8. At this point in time, before ool0n's list was known to the wider world via the BBC, it was something of a joke, having more people on it that was following it. But that didn't stop it causing me some annoyance at be added on public list of "bigots" from which there is no way to be removed, and then taunted for not being very happy about it.  I lost my temper and responded thus; 
  9. I perhaps went a bit overboard here, I have no doubt some who signed up genuinely wanted to stop harassment they were receiving, and likely did not know that The Block Bot is in essence a technological implementation of a rhetorical device. Lumping all your opponents into one category and criticising them all equally for the behaviour of the worst, who are actually a minority. It is guilt by artificial association. A good review of how it works by Tim Farley can be found here: "The Block Bot is unsuitable for use in its present form"
  10. The above tweets are also an example of how twitter is hopeless at communicating complex ideas. What I was attempting to say here is that when some people defend an ideology, what they are actually doing is trying to keep their own sense of identity intact. The more a person is invested in a group identity, the more voraciously they will defend it. People will do impressive mental gymnastics to stop this from happening and revealing the existential horror of the fragility of their own ego. A sober, empirical dismantling of a worldview is in this case a partial dissection of a person's sense of self. This is emotionally painful. Our ego is smart enough to turn such criticisms into a validations and the term "troll" is a useful tool for which to do this.

    Does that make tools like the Block Bot, justifiable? No. But it goes some way to help understand why it exists. While there is a place for tools to stop genuine harrasment and abuse (as outlined legally), we should not in doing so build tools that simply insulate people from things they don't want to hear. Before the internet, it was easier to live inside your own little bubble, and just seek out things that confirmed your own biases and beliefs. Or worse, get others to do it for you. The internet has changed that, and in the long term it will be a change for the better.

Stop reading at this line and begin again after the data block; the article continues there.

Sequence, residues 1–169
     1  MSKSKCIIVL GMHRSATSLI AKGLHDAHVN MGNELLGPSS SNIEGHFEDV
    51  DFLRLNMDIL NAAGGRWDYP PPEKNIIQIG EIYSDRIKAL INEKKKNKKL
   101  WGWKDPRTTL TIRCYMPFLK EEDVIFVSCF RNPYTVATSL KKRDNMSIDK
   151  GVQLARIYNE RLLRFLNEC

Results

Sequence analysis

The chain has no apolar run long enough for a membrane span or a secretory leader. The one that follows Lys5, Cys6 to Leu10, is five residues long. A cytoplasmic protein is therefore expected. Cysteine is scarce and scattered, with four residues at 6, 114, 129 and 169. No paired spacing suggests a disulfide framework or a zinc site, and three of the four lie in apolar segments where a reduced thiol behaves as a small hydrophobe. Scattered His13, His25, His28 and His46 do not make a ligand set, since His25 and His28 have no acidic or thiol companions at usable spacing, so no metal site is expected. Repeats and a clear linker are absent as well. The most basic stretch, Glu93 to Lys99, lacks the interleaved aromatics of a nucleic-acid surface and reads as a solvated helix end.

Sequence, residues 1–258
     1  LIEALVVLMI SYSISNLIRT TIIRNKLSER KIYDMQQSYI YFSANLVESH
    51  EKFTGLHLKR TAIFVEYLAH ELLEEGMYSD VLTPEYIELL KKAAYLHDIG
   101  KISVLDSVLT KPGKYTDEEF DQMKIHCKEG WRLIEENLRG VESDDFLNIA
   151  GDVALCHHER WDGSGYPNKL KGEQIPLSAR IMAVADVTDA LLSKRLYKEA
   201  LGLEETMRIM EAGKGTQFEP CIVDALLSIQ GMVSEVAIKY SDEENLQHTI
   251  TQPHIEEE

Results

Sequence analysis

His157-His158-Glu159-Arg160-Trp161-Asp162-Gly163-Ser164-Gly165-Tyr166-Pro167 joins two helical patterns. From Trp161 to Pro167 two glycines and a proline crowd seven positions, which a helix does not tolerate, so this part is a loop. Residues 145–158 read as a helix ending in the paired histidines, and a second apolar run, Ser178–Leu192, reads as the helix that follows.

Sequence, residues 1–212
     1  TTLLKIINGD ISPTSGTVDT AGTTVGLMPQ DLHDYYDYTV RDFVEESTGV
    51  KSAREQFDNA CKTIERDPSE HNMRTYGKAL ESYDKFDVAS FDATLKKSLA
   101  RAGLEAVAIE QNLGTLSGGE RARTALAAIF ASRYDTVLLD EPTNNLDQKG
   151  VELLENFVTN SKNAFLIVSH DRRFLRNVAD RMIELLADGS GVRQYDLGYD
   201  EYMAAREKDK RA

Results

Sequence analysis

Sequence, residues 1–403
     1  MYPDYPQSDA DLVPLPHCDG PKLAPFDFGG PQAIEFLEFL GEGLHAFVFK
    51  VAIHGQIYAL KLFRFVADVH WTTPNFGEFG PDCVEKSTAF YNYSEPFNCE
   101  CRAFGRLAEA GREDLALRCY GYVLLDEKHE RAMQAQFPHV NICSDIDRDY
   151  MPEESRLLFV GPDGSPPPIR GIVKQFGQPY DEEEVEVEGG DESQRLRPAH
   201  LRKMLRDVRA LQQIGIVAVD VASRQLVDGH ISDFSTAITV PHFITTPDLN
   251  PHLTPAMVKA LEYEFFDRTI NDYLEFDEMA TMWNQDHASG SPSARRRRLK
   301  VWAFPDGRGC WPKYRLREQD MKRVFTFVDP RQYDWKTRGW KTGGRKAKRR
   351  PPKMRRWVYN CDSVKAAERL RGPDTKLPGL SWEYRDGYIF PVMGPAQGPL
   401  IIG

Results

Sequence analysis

Ideologies that have traditionally had tight control over what you could see and hear, such as Mormonism and Scientology, are in trouble thanks to tools like Twitter. Many of those who have left have undoubtably went through a painful process. After all religion can be a huge part of a person's identity. 

    While some religions want to impose blasphemy laws to counter this, the debate we are seeing waged now over what "trolls" are is the same debate being played out on a smaller stage. Everyone is potentially another person's troll. The Block Bot is not just a tool to protect people from harassment, as it sold, but to turn down the volume of ideological opponents. When you outsource the task of deciding what you get to see and hear to others, don't be surprised if they abuse that position. 

    Edit: Fixed some factual errors around origins of #FTBullies hashtag.